Garnier also added, “If you are brainstorming with a larger group, it is better to create breakout rooms. Some people tend to shy away from having many participants around.” This can be especially the case in a virtual environment where people may feel uncomfortable talking.

If you use Zoom for your meetings and are interested in breakout rooms, here’s a great tutorial on how to enable them on your next call.

5. Use digital sounds and other signals to switch between activities.

Some brainstorms can involve a combination of individual and group activities. Of course, when the ideas are flowing in a task it can be difficult to stop and jump into a new part of the session. Managing time in a virtual meeting is even more difficult, according to Margot Lieblich, a senior UX researcher who coordinates monthly brainstorms and idea generation sessions.

“In brainstorms, you often have a tight schedule and need to move quickly to the next activity. This can be especially difficult in a remote environment if you can’t always visually signal that everyone is drawing attention to themselves at the same time, “says Lieblich.

“Use an audible timer to clearly mark the end of an activity. You can even get creative with the sound,” advises Lieblich. “I used the Oscars themed music, and one of my staff uses the sound of a duck quack.”

“After the group has heard the timer once, they quickly learn to wrap themselves up and move on to the next activity when they hear the tone again,” explains Lieblich.

6. Include both group and individual brainstorming activities.

Some people work better alone, while others work much better in groups. In a virtual brainstorming session, this can become clearer when those who do not respond to group activities are taken out of circulation and those who do not want to allocate individual spaces wait until the end and hope that they run out of time. Two activities ensure that everyone can gather ideas in their own comfort zone.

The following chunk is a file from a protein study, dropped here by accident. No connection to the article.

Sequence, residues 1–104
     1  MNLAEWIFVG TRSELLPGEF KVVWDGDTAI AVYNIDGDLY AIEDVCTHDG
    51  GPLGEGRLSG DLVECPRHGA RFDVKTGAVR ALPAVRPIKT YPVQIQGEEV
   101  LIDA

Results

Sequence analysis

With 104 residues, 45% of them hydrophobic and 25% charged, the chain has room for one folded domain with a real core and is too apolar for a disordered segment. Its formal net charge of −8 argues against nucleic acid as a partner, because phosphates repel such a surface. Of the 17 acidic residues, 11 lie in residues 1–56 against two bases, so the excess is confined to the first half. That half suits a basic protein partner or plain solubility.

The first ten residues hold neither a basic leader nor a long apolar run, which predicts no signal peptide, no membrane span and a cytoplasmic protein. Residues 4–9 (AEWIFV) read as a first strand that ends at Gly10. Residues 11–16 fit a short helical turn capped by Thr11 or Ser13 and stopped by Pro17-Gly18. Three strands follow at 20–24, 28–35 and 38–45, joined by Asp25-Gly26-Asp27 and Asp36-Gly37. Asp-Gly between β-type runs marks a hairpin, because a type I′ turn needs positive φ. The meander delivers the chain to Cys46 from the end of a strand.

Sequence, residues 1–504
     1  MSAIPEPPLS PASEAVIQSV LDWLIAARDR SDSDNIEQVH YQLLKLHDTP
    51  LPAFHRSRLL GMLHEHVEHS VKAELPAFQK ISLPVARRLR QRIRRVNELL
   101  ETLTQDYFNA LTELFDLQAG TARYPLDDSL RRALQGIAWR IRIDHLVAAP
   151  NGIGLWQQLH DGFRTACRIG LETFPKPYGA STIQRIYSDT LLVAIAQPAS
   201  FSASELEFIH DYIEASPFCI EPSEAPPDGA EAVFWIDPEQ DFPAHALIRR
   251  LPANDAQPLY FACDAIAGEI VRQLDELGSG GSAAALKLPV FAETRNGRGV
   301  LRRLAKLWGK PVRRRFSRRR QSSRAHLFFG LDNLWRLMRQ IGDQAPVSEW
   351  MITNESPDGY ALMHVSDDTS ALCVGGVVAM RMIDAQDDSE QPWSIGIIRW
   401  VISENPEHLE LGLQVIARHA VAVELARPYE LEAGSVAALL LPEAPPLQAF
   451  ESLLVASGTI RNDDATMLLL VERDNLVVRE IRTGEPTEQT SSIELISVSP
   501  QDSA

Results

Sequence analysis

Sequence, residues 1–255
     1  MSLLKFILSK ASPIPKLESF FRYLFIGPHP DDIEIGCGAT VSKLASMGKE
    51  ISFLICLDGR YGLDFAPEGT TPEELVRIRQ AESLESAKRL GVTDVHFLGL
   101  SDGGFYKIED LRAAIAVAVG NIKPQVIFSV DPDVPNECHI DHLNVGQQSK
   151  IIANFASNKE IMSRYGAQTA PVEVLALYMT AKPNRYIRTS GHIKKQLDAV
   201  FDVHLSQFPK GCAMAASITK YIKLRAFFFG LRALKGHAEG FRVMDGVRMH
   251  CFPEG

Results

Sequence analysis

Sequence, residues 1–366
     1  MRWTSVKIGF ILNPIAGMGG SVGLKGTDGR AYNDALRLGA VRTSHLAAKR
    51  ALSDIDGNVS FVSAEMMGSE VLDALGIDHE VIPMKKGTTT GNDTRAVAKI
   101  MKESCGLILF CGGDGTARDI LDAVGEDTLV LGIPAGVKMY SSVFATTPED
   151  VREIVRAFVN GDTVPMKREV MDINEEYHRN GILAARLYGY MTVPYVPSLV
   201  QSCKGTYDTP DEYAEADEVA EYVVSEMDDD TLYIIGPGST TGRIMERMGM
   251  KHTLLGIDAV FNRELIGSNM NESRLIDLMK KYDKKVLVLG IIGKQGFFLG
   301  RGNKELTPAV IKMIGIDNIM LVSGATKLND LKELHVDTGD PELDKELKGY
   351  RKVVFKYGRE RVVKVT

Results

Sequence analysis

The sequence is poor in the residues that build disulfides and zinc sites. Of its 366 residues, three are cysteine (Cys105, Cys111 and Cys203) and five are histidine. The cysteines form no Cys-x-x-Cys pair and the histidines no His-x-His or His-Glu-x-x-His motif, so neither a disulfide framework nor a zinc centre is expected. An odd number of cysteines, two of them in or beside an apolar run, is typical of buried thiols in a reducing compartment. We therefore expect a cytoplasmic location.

“I like to start with an individual activity so that people have a few minutes to explore their own approaches to the problem area without influencing each other,” says Lieblich. “After doing a single activity, I add a group activity so people can inspire each other and come up with richer, more interesting ideas.”

7. Remember, you don’t always have to schedule a video call.

While you might think that all remote brainstorms need to happen on video calls, it doesn’t always. Yes, many of them certainly will. However, asking teammates to come to a brainstorming session prepared with something quick – like a blog post pitch or a one-off email idea – you can potentially cut a time-consuming video call entirely from your brainstorming process.

When the blog team was recently developing our quarterly content strategy, we wanted to ask our writers to come up with ideas for blog posts. However, since every writer has an incredibly busy schedule, it didn’t logistically make sense to invite them to a very long brainstorming meeting with each person making five to ten post suggestions.

So instead I coordinated a virtual brainstorming session that was done entirely through Google Sheets. To kick off the brainstorming session, I sent my team an email and an idea generation table with instructions on what content we need for the next quarter, how many post ideas to put in the table, and a deadline for submitting post Suggestions.

From there, the authors had two weeks to come up with ideas for at least five blog posts. Here’s a quick look at the table with a sample post I gave authors to walk them through the elements of a post proposal:

HubSpot Blog hosts a virtual brainstorming session on a Google Sheet

After the deadline, our editors came in and used the table’s comment functions to provide feedback that authors could consider for the next virtual brainstorming session. Since that brainstorming session, most of the proposed blog posts have been added to our content calendar.

Schedule your virtual brainstorming

Many of the tips above are related to encouraging one critical aspect of brainstorms: participation.

As you plan your next content or campaign brainstorming session, ask yourself how you can make brainstorming interesting for everyone.

By making it easier for your team to connect with others, share their thoughts, or brainstorm ideas, you will get more involvement and ultimately more engaging ideas from teammates who may not otherwise offer them.

Read this blog post to learn more about brainstorming tactics. If you’re interested in how to promote psychological safety in other areas of your business, check out these expert tips.